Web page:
By Tom Krisher
Tesla reported Wednesday that its first-quarter net earnings were over seven times greater than a year ago, powered by strong sales despite global supply chain kinks and pandemic-related production cuts in China.
The electric vehicle and solar panel company made $3.32 billion from January through March. Excluding special items such as stock-based compensation, the Austin, Texas, company made $3.22 per share. That soundly beat Wall Street estimates of $2.26 per share according to data provider FactSet.
Revenue for the quarter was $18.76 billion, also beating estimates of $17.85 billion. It was boosted by multiple price hikes meant to offset rising costs of lithium, nickel, cobalt and other precious metals used to make batteries.
It may be harder for Tesla to post similar numbers later this year. It's facing costs from ramping up new factories in Germany and Texas, as well as rising commodity prices. It's also looking at increased competition as startups and legacy automakers roll out more electric models.
The company said its weekly production for the quarter was strong, but a spike in COVID-19 cases brought the temporary shutdown of its factory in Shanghai, as well as part of Tesla's supply chain.
“Although limited production (at the Shanghai factory) has recently restarted, we continue to monitor the situation closely,” the company said in a letter to investors.
Tesla seems to have dealt with parts shortages better than the rest of the industry.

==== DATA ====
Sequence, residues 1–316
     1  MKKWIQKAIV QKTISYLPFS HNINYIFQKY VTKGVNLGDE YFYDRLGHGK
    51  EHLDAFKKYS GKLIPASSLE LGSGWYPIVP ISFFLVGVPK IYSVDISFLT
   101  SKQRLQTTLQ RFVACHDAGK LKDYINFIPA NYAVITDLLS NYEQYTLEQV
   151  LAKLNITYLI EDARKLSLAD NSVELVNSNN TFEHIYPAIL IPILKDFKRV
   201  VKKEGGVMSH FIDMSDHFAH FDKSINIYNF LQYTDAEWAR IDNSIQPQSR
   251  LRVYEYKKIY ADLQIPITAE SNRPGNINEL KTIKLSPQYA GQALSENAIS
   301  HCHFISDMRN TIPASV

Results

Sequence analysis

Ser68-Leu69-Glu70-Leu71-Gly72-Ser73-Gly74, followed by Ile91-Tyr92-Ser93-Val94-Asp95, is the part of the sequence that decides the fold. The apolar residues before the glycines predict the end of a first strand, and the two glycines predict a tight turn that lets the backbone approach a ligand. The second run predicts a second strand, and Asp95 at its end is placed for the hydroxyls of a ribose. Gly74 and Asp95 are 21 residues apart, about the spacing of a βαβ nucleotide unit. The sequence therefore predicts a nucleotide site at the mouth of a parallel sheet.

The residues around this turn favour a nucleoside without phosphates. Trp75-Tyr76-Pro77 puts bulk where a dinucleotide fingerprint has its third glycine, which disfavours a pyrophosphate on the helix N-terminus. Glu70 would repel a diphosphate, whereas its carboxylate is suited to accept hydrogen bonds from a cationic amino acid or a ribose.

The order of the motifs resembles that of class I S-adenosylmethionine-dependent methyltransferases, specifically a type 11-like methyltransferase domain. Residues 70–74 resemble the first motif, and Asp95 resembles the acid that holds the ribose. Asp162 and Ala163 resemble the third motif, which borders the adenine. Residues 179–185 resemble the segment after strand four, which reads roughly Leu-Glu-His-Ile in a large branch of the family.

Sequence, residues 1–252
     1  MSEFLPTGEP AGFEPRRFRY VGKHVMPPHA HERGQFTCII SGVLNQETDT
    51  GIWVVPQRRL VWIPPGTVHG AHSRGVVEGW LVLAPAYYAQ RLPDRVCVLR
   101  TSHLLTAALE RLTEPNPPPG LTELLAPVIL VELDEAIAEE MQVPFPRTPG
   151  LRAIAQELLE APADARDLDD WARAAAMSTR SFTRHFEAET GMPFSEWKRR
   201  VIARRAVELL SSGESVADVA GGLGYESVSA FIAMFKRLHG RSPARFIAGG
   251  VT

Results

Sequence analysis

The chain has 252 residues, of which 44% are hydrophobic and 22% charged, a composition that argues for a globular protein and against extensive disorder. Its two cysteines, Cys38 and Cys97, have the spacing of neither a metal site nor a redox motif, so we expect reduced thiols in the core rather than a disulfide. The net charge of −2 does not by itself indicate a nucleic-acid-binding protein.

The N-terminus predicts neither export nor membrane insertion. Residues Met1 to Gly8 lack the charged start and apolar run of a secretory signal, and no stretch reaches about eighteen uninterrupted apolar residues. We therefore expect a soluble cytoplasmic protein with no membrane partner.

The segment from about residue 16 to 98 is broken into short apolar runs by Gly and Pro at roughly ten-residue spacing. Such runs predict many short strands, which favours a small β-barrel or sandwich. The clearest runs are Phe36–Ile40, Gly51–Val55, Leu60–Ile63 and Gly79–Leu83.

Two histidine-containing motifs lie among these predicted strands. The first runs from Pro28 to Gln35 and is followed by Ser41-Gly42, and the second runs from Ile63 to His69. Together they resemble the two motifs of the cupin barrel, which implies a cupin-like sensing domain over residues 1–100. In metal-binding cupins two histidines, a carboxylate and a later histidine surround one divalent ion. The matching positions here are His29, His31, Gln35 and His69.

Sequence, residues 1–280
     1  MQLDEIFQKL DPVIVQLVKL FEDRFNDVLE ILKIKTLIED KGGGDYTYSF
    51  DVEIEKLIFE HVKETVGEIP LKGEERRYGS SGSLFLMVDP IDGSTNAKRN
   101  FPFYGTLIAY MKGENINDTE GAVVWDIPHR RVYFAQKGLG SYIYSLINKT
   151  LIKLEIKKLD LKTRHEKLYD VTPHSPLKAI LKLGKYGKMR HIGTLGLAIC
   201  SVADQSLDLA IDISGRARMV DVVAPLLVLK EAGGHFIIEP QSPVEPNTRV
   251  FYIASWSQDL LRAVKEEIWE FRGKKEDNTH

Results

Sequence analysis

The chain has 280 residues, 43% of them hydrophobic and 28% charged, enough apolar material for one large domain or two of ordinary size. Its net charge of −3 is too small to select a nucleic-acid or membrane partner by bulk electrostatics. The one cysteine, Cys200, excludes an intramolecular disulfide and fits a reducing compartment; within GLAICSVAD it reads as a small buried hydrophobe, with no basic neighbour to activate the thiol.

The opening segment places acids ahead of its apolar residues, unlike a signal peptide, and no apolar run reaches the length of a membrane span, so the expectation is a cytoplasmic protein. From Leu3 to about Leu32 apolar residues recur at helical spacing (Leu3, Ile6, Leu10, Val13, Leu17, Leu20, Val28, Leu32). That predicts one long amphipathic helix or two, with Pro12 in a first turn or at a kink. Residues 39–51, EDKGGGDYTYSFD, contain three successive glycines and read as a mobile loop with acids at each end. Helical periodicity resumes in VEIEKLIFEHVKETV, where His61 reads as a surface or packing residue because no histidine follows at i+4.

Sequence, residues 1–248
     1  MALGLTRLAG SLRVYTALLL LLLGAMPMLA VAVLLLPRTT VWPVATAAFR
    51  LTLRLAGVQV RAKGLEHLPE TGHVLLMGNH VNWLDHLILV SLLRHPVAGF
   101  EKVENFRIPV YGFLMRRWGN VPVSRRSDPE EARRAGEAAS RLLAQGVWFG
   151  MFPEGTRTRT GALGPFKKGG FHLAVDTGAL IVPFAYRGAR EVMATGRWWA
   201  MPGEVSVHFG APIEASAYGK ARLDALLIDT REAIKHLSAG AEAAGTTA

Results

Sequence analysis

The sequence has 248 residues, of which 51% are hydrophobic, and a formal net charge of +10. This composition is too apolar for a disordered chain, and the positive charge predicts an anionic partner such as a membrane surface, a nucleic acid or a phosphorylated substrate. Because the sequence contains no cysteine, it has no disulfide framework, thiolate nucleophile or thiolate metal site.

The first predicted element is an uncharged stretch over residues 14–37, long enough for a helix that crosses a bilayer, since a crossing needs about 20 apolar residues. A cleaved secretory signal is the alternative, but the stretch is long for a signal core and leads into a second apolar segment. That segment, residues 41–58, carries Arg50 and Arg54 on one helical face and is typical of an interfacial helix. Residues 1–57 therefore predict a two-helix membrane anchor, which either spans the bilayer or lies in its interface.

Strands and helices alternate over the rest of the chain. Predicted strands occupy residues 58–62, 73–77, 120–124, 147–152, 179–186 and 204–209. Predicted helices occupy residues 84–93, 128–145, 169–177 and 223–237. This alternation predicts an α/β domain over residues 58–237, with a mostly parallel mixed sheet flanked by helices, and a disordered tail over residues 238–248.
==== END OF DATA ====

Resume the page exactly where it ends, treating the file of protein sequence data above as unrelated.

Shares of Tesla closed Wednesday down nearly 5% at $977.20, but rose 4% in extended trading, after the company released its numbers. The stock is down about 7.5% so far this year.
CEO Elon Musk is expected to attend the company’s earnings conference call later Wednesday. He also could be asked about his $43 billion hostile bid to take over Twitter.
Despite the Chinese production and supply chain problems, Tesla reiterated its guidance of 50% annual average growth in vehicle deliveries over the next several years. “The rate of growth will depend on our equipment capacity, operational efficiency and the capacity and stability of the supply chain,” the company said.
Although production has started at the Texas and German factories, Tesla said the ramp up at both sites will take time. The company said its factories have run below capacity because of parts supply shortages.
Tesla also says it expects “Full Self-Driving” beta test software to be released to all customers who purchased the feature by the end of the year. Tesla has said the cars cannot drive themselves, despite the name, and drivers must pay attention and be ready to intervene at all times.
Tesla delivered a record 310,000 vehicles worldwide in the first quarter, up roughly 68% from the same period in 2021. Tesla delivered 185,000 vehicles in the first quarter of last year.
Last year the company delivered a record 936,000 vehicles, an 87% increase over 2020 numbers. The company said in February that it expects 50% annual growth in sales, meaning it expects about 1.4 million vehicles to be delivered this year.